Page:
Besides this general procedure of standardization some specific characteristics were subject to further tests: Because of the slightly asymmetric conical X-ray beam the exposure across the image was uneven, with the lightest part being in the centre. An additional effect of imbalanced exposure may arise from minimal light impact during sample removal, rendering the proximal image plate margin lighter compared to the opposite margin that is more shadowed by the X-ray chamber. To compensate for such effects, we initially tested separating the individual leaves before any image adjustment and then applying individually adjusted filters to each of the images. However, this approach was skipped because the gain in image quality was disproportionate to the amount of time spent on image adjustments (i.e. approximately a 10-fold increase in image processing time).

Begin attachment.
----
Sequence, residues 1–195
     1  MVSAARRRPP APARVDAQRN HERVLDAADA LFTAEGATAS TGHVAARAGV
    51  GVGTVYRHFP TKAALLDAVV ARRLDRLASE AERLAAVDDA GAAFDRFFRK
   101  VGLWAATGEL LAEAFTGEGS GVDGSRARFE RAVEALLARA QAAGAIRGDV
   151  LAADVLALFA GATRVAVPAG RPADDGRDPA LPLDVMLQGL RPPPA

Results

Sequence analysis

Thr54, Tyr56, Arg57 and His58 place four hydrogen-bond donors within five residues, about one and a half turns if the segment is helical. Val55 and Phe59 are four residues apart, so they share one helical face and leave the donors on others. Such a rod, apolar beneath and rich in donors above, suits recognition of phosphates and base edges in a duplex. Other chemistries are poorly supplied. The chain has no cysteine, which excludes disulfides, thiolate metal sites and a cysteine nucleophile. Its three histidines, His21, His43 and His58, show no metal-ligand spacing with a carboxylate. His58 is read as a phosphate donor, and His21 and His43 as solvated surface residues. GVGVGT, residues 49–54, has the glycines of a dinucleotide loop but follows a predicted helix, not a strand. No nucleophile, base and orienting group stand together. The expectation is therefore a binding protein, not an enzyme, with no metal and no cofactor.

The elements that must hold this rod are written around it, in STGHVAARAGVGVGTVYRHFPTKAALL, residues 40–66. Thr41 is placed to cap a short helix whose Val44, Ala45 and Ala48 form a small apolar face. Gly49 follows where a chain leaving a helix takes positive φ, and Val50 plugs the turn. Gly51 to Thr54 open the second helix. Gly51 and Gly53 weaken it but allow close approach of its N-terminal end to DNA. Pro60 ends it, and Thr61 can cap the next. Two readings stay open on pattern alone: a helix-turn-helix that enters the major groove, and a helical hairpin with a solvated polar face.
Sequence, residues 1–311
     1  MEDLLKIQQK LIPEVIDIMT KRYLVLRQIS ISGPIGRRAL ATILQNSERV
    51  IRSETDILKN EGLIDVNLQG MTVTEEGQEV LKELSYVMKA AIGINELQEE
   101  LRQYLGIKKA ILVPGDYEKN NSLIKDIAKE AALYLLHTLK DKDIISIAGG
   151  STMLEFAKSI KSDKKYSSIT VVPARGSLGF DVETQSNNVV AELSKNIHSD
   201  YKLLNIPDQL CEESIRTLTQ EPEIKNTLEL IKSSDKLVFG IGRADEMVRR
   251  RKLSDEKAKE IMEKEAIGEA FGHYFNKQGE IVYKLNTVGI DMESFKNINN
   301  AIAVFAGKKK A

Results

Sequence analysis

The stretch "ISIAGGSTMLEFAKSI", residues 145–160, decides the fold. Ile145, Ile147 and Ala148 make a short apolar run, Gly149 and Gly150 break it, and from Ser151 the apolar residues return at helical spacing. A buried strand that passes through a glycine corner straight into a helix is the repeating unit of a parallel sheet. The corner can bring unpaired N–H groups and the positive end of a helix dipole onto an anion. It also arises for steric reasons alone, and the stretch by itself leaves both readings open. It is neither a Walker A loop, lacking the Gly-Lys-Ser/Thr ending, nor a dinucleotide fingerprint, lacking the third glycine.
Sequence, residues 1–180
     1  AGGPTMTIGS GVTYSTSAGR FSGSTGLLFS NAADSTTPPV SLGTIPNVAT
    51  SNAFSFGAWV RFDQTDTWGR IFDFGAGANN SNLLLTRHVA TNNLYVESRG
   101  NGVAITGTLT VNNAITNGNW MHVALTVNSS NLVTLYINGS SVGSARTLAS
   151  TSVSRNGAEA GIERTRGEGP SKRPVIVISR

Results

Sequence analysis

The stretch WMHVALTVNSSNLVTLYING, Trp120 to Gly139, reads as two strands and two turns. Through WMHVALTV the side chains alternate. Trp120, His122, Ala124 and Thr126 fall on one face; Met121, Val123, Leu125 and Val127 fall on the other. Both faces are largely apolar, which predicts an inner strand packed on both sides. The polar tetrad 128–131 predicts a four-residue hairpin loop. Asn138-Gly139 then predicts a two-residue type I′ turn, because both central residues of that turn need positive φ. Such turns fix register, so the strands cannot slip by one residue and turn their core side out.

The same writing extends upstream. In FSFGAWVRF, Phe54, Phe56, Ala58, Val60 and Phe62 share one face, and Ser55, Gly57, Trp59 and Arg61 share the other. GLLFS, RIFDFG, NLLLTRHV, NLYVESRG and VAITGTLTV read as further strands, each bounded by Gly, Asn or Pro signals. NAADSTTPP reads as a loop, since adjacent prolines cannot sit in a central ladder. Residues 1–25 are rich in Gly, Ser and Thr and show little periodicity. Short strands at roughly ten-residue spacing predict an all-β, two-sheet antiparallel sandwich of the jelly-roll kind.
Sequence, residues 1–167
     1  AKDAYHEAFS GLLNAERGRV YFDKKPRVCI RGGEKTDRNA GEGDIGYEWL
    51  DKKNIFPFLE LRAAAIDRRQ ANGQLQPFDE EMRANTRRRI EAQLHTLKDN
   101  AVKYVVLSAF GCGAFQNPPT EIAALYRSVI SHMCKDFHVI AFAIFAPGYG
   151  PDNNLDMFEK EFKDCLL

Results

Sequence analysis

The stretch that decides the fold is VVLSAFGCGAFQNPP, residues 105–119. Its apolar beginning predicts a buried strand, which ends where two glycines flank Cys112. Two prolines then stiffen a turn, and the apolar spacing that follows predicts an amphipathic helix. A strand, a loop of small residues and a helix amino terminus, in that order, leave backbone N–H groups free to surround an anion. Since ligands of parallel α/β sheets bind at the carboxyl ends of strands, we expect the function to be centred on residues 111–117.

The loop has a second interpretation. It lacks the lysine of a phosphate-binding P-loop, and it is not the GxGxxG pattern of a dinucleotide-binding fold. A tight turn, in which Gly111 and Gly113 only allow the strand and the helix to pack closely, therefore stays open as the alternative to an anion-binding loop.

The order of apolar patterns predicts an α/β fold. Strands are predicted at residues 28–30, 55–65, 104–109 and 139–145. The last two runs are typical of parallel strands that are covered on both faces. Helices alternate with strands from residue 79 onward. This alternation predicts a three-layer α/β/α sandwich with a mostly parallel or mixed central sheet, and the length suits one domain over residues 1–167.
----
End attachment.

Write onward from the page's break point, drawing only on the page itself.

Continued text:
Discussion

Here, micro CT with a resolution of 6.25 µm proved suitable for high resolution imaging of leaf venation. For most samples, these images provided sufficient resolution and contrast to determine the connectivity of veins, thus allowing for accurate measurements of vein density (e.g. Figs. 5, 6). Blonder et al. [6] also used micro CT but had difficulties to determine the connectivity of the veins. This might have been due to the small amount of samples tested (only two leaf samples were processed), but most likely was due to the lower resolution (15 µm) of their system which was limited by the effective size of the focal spot. Another reason could be the different method of image processing. In their study, local contrast was enhanced using a contrast-limited adaptive histogram equalization following Zuiderveld [26]. However, it is unclear how the image segments were processed to obtain a 2D view of the venation. We tested different image processing methods and achieved highest contrast of leaf venation using a virtual 2D processing of the CT raw data. Compared to the 3D images, virtual 2D had a much lower background of mostly parenchymatic mesophyll with our approach (for details see Fig. 7).
Fig. 7
Fig. 7